Carbon emissions control policies in China's power generation sector
Purpose - The purpose of this paper is to examine the potential for emissions control policy using the example of the power generation sector in China. Design/methodology/approach - The analytical model is developed using a joint production function, where carbon emissions and electricity are jointly produced using capital and fossil fuel inputs. Abatement of emissions can be achieved by investment in production capital that improves the production efficiency or abatement capital that removes the emissions. The results are estimated using data from China's electricity generation sector. Findings - The analytical model shows that economic growth can be achieved while still keeping the emission stock at a stable level. The results show that the level of the tax required to stabilize emissions depends greatly on the efficiency of abatement activities. As an illustration of this result, one finding shows that the required emission tax would be reduced greatly from 16 to 5 yuan/ton of emission when the abatement technology is improved from removing 10 to 30 percent of emissions flow. Research limitations/implications - The lack of carbon capture and storage technology in the real-world limits the ability to estimate some of the results from the economic growth model. Originality/value - Unlike many other papers, the empirical analysis is based on conditions from the economic model. In contrast to previous work that models emissions as an input into the production process, the model and estimation are consistent with the joint nature of electricity and emissions production.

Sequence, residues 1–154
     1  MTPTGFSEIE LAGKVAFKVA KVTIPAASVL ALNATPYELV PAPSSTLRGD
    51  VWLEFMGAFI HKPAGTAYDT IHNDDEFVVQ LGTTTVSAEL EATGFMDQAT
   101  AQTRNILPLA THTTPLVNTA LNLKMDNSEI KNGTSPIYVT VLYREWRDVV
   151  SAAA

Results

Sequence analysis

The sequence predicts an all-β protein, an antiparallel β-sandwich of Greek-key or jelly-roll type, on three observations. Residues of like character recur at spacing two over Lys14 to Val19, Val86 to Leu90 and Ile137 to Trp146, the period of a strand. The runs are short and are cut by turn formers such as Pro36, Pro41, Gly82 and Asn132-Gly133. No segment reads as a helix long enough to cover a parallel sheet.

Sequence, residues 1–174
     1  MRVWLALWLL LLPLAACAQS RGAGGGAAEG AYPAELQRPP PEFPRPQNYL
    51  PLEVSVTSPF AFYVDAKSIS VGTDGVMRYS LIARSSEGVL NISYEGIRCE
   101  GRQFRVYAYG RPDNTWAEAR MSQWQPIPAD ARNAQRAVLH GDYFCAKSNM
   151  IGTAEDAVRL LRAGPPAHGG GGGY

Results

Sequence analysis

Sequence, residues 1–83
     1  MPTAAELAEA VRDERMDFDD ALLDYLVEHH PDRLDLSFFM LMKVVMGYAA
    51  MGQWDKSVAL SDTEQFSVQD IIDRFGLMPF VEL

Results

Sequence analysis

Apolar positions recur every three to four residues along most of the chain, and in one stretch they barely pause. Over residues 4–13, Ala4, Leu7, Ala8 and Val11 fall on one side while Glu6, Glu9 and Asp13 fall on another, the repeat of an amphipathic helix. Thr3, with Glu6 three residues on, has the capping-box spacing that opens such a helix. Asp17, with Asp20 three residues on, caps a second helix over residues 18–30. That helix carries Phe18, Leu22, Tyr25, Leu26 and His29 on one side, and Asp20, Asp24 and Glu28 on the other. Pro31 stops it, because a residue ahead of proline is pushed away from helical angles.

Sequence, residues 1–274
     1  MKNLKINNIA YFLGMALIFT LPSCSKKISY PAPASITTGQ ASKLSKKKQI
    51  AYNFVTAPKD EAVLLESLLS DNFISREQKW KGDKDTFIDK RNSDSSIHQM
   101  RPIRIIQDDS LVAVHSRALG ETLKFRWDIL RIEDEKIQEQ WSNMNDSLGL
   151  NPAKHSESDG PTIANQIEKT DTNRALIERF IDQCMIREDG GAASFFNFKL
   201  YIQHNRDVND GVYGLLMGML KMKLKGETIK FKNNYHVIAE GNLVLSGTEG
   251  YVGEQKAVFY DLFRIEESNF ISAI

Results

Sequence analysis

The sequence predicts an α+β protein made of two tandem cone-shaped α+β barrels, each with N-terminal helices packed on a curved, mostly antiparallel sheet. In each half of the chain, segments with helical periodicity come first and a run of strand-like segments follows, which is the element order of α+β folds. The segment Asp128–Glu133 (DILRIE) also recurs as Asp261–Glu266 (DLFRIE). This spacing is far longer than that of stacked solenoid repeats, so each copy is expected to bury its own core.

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Volume (Year): 3 (2011)
Issue (Month): 3 (September)
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References listed on IDEAS
Please report citation or reference errors to , or , if you are the registered author of the cited work, log in to your RePEc Author Service profile, click on "citations" and make appropriate adjustments.:
- Jesus Felipe & Rana Hasan & J. S. L. McCombie, 2008.
"Correcting for biases when estimating production functions: an illusion of the laws of algebra?,"
Cambridge Journal of Economics,
Oxford University Press, vol. 32(3), pages 441-459, May.
- Jesus Felipe & Rana Hasan & J. S. L. McCombie, 2004. "Correcting For Biases When Estimating Production Functions: An Illusion Of The Laws Of Algebra?," CAMA Working Papers 2004-13, Centre for Applied Macroeconomic Analysis, Crawford School of Public Policy, The Australian National University.
- Hartman, Richard & Kwon, O-Sung, 2005. "Sustainable growth and the environmental Kuznets curve," Journal of Economic Dynamics and Control, Elsevier, vol. 29(10), pages 1701-1736, October.
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